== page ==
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Freak frost hits Argentinian vineyards as Mendoza declares emergency

Wine producers have been assessing vineyards after an unexpected and severe ‘black frost’ this week, amid concerns of significant damage in the key Mendoza region.

Early reports have suggested a significant frost impact in the Mendoza region, although producers were still assessing their vines. ‘We [are] talking about 10,000 hectares of vineyards affected,’ Mendoza’s sub-secretary of state Sergio Moralejo told reporters on Thursday, 4 November.

The Mendoza regional government has declared an agriculture state of emergency after temperatures plunged to as a low as -4 degrees Celsius on Sunday (30 October) and Monday (31 October). The Valle de Uco, Altamira, Cuyo and the Eastern and Southern regions of Mendoza were all impacted by the frost.

Vineyards in Patagonia and Salta were also impacted by the weather.

The regional authorities estimated that between 50% and 75% of Mendoza vineyards have been impacted by the freak weather, but in some cases producers fear they have lost their entire production.

On 1 November, Argentina’s Association of Wine Cooperatives (ACOVI), announced that at least half of the vineyards run by cooperatives in Mendoza had been damaged the frost.

‘This was a “black frost” caused by an out of season polar push,’ said Eduardo Soler, winemaker and founder of Ver Sacrum in Mendoza. ‘I have never seen -4°C in November.’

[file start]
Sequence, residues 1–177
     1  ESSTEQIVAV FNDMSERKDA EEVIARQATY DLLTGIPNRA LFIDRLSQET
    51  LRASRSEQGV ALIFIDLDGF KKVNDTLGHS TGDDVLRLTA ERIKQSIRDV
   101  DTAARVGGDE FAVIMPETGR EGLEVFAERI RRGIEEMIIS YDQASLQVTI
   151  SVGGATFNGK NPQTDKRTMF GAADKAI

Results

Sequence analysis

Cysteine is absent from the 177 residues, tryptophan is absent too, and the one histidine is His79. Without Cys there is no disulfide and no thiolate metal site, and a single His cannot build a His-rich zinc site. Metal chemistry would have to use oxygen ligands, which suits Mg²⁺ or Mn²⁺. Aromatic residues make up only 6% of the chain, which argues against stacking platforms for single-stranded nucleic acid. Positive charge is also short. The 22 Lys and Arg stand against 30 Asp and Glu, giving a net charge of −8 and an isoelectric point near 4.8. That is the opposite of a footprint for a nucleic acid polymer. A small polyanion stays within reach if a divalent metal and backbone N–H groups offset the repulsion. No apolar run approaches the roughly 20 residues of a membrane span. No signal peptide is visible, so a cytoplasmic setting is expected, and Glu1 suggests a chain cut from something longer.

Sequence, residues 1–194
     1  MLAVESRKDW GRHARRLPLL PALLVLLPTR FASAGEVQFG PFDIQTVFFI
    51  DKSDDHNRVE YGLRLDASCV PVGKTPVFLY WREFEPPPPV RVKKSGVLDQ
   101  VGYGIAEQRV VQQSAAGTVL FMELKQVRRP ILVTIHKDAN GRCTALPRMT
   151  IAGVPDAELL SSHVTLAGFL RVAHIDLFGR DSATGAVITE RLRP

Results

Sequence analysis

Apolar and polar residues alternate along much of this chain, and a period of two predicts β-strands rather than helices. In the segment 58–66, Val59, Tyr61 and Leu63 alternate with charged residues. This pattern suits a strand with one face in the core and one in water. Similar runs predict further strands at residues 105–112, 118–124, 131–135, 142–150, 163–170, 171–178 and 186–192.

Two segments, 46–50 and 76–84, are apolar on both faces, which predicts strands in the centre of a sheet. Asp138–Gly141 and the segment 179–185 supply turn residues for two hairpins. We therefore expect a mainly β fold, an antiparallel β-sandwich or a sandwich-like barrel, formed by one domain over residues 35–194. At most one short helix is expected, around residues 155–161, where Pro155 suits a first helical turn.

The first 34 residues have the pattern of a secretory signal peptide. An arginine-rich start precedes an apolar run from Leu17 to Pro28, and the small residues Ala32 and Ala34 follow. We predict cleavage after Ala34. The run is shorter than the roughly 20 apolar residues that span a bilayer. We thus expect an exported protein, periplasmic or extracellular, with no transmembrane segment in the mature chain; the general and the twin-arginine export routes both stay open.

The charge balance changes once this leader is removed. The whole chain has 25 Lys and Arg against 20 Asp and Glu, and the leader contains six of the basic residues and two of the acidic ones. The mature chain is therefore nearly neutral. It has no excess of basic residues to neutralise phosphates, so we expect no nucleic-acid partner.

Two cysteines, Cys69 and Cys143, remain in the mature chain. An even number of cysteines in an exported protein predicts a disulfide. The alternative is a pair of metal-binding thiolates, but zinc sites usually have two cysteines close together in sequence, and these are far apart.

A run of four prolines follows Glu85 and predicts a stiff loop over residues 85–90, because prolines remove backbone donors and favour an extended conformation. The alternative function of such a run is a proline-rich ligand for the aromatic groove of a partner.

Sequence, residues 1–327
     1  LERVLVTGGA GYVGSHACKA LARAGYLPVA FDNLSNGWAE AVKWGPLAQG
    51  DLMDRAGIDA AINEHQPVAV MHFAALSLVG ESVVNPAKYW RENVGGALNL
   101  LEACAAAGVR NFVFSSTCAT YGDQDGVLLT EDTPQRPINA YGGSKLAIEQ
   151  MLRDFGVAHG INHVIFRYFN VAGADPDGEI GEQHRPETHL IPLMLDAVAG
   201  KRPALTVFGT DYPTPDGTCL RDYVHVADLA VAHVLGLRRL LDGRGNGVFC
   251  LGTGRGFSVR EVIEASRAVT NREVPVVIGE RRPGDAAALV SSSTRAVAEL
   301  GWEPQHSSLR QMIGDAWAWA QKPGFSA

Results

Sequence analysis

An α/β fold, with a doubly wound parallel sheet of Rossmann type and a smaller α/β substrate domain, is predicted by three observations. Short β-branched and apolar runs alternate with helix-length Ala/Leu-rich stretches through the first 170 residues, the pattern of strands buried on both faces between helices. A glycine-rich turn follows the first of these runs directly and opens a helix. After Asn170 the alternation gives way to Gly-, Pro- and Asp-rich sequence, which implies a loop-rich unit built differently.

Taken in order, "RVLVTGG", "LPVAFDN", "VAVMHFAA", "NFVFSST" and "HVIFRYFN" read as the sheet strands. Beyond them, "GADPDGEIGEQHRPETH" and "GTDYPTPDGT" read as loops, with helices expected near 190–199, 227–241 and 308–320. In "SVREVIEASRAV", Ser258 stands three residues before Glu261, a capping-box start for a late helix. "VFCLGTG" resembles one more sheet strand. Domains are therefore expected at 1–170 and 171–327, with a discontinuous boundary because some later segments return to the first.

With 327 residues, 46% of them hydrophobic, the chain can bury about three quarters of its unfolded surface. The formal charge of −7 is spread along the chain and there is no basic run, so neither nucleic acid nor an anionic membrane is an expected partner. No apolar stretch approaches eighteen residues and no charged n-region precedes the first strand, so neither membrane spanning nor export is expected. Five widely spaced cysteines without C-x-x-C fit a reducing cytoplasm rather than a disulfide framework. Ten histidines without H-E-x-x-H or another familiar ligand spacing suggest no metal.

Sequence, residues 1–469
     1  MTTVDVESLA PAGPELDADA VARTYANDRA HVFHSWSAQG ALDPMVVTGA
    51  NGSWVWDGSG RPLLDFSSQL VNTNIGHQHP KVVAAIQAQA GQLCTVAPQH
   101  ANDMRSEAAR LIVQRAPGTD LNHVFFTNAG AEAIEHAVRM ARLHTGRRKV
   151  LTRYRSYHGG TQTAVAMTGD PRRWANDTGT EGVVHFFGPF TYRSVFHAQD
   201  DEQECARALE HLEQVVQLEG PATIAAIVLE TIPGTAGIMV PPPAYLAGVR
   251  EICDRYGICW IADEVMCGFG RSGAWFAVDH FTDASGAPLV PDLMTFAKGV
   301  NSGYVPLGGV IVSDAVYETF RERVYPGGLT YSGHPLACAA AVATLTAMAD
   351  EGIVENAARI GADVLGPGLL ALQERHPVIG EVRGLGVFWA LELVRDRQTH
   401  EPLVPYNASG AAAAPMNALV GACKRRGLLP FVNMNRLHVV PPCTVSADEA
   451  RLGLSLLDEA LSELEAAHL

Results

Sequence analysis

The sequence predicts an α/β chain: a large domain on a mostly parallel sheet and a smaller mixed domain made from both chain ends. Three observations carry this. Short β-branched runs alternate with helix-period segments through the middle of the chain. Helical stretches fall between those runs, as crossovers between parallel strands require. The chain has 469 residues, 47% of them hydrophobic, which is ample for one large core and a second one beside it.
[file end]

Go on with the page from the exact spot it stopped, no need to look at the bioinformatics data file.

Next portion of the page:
He told Decanter, ‘Most of the producers in Eastern Mendoza, Altamira and other parts of Uco Valley lost between 80% and 100% of their vineyards.

‘We fought for three nights in a row with burners in our vineyards in Los Chacayes and Maipu, so there is probably 10% of damage but we will have to wait and see.’

Many others were less fortunate as the frost was unexpected. It comes after Mendoza producers have been grappling with severe drought this year, which means less water has been available to irrigate vineyards – one of the methods producers employ to reduce the impact of frost.

‘The frost came out of the blue,’ Solano Pena-Lenzi, CEO of Hispamerchants, an importer of Argentinian fine wines in the UK, told Decanter.

‘Normally, there are frost forecasts; producers can reduce the impact of frost with irrigation and fires, but what was different this year, was that the frost was not anticipated.’

Pena-Lenzi has been communicating this week with the 10 Argentinian producers he works with. ‘Producers are assessing the damage and do not want to communicate the extent of the damage yet,’ Pena-Lenzi said.

Reports in Argentina have said the frost outbreak was the worst the country has faced in 30 years.

Juanfa Suarez, producer and owner of Finca Suarez in Paraja Altamira, Uco Valley, Mendoza, said: ‘We have had 100% damage to our Finca Las Piedras vineyard and 80% damage at Finca Perico vineyard. I’m really worried about next year and the near future because there’s no material to prune and this can damage the plant’s balance.

‘For small terroir-driven producers it’s a real disaster. We don’t have any white grapes and we’ll harvest just a tiny amount of red. Finca Suarez will only be able to produce bottles for two to three cuvées out of eight,’ Suarez said.

Estela Perinetti winemaker at Las Estelas has reported the strong impact of frost in the Uco Valley’s Lujan de Cuyo and most regions of Mendoza, however she said the area of El Peral where her Finca Mangato is located was not badly affected due to slopes and higher temperatures.

Meanwhile speaking about Patagonia, Solano Pena Lenzi, CEO of Hispamerchants said: ‘The frost in Patagonia, which started around 10pm lasted much longer than usual, which made it harder for producers to fight against. Temperatures in Patagonia (-1°C and -2°C) did not fall as low as elsewhere, but the frost endured much longer.’

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